Refer now to FIG. 3 illustrating login process 300 which may be forked in step 216 of FIG. 2. Process 300 may be a Unix executable, for example a shell script. In step 302, the piped login data is received. In step 304, the login name and password are used to log into the edge node. In step 306, the password associated with the login name is changed. By changing the password, subsequent attempts by the intruder to log into the system will fail. If the change is successful, step 307, in step 308 a “success” value is returned to process 200, FIG. 2 indicating the password has been successfully changed. If, however, in step 307, the change attempt failed, a “fail” value is returned in step 309. The login may fail if, for example, the intruder makes an error in attempting to login in process 200, FIG. 2, by for example making a typographical error in the username or password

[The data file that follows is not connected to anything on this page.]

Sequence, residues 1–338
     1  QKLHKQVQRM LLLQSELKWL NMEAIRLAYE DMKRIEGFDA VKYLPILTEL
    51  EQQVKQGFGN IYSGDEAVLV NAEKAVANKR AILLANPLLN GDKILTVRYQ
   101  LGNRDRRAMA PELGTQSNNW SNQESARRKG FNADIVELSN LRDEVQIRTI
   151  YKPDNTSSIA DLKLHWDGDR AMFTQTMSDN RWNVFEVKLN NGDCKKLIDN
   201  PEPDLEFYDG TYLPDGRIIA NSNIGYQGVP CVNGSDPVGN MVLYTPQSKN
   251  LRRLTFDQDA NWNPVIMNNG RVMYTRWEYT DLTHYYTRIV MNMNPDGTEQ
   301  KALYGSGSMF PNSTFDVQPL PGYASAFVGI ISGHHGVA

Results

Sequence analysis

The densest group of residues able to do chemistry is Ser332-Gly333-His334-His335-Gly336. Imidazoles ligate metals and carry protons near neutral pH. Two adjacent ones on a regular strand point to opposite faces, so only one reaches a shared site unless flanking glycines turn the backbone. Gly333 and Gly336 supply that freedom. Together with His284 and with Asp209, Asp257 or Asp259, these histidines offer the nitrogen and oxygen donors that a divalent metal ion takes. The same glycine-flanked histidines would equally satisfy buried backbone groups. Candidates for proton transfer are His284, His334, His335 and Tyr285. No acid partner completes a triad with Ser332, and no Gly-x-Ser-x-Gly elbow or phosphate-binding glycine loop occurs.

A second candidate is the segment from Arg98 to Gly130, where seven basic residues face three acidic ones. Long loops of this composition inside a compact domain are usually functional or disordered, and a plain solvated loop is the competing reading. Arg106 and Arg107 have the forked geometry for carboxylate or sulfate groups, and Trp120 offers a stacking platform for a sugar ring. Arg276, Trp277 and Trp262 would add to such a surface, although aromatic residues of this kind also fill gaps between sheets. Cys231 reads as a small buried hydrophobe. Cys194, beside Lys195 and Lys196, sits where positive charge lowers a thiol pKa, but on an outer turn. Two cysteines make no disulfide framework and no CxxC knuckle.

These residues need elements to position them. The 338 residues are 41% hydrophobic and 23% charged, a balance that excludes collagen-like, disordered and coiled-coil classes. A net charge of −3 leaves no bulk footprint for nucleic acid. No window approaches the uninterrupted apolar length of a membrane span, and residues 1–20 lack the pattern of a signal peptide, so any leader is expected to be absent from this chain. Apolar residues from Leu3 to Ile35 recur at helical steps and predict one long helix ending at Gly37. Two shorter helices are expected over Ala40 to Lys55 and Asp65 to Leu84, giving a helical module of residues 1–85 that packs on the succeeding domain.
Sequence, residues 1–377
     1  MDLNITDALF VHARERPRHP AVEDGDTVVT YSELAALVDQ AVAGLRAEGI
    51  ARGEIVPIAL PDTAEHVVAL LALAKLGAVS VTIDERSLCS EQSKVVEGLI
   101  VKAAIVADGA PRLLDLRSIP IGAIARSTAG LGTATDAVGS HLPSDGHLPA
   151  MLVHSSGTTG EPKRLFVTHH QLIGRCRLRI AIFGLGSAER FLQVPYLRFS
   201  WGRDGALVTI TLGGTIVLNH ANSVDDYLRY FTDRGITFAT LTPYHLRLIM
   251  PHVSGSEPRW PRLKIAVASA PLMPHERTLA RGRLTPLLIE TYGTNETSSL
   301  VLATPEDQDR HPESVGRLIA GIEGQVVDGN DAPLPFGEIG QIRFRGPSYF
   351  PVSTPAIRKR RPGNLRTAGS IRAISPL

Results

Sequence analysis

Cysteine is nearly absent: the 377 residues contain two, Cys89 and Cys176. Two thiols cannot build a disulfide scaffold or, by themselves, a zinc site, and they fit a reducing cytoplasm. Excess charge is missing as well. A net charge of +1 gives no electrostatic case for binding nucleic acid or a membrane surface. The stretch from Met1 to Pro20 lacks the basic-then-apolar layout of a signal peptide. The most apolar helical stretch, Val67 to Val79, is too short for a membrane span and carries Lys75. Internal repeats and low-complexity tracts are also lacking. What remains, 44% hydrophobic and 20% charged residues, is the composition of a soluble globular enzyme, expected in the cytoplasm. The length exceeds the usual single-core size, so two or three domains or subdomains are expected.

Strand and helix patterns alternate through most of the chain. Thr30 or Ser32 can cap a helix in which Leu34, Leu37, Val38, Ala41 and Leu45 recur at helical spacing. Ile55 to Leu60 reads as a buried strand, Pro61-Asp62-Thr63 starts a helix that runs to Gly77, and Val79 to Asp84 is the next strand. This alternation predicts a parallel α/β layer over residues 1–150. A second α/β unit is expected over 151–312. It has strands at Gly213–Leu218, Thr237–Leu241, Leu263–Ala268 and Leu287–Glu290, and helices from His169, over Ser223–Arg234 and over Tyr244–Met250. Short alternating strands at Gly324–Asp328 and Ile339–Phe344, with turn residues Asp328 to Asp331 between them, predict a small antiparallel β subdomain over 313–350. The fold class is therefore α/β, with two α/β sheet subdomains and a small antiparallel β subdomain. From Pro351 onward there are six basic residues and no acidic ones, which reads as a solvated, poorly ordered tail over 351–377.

Login process 300 then terminates in step 310.

Returning to FIG. 2, pending a return of thread 300, process 200 loops in steps 210 and 224. If the change of the password fails, and thread 300 returns a “fail” (step 309, FIG. 3), process 200 breaks out of the loop via step 224, and returns an invalid password/username reply to the intruder and prompts the intruder to retry, in step 226. Process 200 then returns to step 214.

Conversely, in response to the return of a “success” value from login thread 300, (step 308, FIG. 3), intrusion denial process 200 breaks out of the loop in step 210. In step 222, the session is disconnected.

In this way, subsequent attempts to log in will fail due to the changed password. Upon disconnection of the session, process 200 terminates, step 230.